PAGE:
One key player from Arizona’s 12-1 football team of 1998 who wasn’t able to be in Tucson for a 20th year reunion this weekend was offensive lineman Edwin Mulitalo. His name was quietly added to the Ring of Honor at Arizona Stadium. Mulitalo played 10 NFL seasons, including a starting role for Baltimore’s Super Bowl XXXV champions in 2001. Mulitalo couldn’t make it to Tucson this weekend because he is the head coach at Southern Virginia University, which played a road game at Frostburg State in Maryland on Saturday.
Key piece to Wildcats' golf championship will return to UA
Two-time Salpointe Catholic state golf champion Krystal Quihuis did not advance at the LPGA Qualifying School last week. The three-time UA women’s golf letterman shot 74-74-72-71 in Florida last week, 56th overall. UA senior Gigi Stoll, a key part of the UA’s 2018 NCAA championship team, was 110th in the field with rounds of 74-75-74-75, meaning she will return for senior season.
Oregon loses its ace to Texas
The tough Pac-12 road for UA softball coach Mike Candrea got a bit easier last week when Oregon’s Women’s College World Series pitching ace, Miranda Elish, 25-2 last year, transferred to Texas. Her younger sister, Madi Elish, an elite pitching recruit entering her junior prep season in Crowne Point, Indiana, turned down an offer to pitch at Oregon and has committed to pitch for Candrea at Arizona.
Undefeated Lancers on path to face Saguaro again
Undefeated Salpointe Catholic is the No. 1 overall seed in the Class 4A state football playoffs, and it seems inevitable that Dennis Bene‘s team will meet three-time defending state champion Scottsdale Saguaro in the championship game in late November. Saguaro defeated injury-plagued Salpointe 28-7 in last year’s title game.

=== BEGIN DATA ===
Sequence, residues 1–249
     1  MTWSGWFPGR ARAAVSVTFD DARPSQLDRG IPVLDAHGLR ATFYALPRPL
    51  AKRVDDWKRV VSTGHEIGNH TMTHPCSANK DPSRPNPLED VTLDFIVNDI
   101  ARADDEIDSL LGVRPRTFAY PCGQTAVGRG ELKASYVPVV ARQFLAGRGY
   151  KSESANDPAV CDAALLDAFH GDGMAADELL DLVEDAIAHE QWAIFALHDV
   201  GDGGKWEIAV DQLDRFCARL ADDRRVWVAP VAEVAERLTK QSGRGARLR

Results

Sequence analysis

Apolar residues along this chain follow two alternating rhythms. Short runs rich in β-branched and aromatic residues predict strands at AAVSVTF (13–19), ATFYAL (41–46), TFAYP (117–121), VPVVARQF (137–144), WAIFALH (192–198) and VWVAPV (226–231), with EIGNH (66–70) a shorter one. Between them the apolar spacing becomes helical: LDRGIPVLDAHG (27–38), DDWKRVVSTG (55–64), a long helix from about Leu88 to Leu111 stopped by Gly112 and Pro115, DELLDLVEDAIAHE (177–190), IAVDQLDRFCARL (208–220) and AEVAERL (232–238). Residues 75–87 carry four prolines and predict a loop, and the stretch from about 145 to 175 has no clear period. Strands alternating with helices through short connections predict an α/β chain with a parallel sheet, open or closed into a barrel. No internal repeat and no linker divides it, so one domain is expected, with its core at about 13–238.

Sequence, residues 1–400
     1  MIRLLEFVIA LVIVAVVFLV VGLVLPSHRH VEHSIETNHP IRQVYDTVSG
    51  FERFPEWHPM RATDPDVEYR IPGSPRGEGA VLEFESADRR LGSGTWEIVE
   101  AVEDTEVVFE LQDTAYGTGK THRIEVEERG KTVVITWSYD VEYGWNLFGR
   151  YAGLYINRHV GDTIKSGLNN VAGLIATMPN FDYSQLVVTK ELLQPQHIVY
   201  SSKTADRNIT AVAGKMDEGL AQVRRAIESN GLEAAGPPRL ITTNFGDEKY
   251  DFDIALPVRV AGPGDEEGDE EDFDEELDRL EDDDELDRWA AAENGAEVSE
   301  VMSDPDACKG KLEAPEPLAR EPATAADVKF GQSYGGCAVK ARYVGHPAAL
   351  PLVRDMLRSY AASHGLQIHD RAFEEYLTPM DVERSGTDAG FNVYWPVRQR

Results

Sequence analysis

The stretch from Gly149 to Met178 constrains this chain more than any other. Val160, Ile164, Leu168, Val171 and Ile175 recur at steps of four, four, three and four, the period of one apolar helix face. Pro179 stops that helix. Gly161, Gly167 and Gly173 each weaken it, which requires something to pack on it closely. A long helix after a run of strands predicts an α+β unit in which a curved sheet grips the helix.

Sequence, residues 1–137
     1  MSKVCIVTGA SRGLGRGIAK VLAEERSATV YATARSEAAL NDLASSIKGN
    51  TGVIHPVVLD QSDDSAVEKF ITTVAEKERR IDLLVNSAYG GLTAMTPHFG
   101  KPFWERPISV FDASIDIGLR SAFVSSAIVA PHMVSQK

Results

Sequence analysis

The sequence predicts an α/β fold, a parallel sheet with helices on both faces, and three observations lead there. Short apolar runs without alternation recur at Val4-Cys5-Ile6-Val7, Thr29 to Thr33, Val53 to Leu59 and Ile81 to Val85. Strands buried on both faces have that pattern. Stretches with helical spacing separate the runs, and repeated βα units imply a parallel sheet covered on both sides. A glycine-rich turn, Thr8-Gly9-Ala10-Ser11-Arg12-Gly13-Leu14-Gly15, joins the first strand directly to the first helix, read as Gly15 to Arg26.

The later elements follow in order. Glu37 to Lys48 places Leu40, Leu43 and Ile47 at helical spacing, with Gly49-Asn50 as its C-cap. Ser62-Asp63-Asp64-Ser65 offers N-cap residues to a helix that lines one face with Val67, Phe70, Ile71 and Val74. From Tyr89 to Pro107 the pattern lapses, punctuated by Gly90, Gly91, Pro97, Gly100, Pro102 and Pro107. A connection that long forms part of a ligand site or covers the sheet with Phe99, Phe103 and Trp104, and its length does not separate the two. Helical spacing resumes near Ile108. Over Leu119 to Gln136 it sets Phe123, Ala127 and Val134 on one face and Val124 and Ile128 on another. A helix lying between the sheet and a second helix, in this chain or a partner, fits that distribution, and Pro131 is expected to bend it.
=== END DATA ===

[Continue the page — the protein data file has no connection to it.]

The Lancers, state champs in 2013, have outscored their final five opponents 233-67. Saguaro has a 268-52 differential over the same period.
Get used to seeing Salpointe in this position. Nine of its 10 leading tacklers are juniors: Shamon Davis, 92; Ray Figueroa, 80; Trent Strong, 76; Lathan Ransom, 58; Levi Padilla, 45; Sergio Sanchez, 42; Luke Regina, 39; Charlie Raetzman, 35; and Luke Straka, 32.
Further, junior running back Bijan Robinson finished the regular season with 1,682 rushing yards. That gives Robinson 4,083 in his career as he continues to pursue Southern Arizona’s career rushing leader, CDO’s Ka’Deem Carey, who has 5,701 yards.
A Tucson school hasn’t won multiple state football championships since Sunnyside and coach Richard Sanchez in 2001 and 2003, and has only won seven state football titles the last 20 years (out of a possible 60 championships in the upper divisions).
This would be a good time for Salpointe to change that trend.
My two cents: Penina's Snuka joins select few in volleyball program's ring of honor
Arizona has played volleyball at the NCAA’s highest level for 35 years and on Friday night inducted Penina Snuka into its Ring of Honor at McKale Center.
Rather than saturate its Ring of Honor with one-year players such as basketball’s Stanley Johnson and Jerryd Bayless, the UA volleyball program has just eight Ring of Honor players.
It’s not that that Wildcats haven’t been good; they’ve played in 28 NCAA Tournaments and produced 21 All-Pac-10/12 first-team players in the nation’s most difficult volleyball league.
If a volleyball name goes into the rafters at McKale Center, as Snuka’s did Friday, you know it’s legit.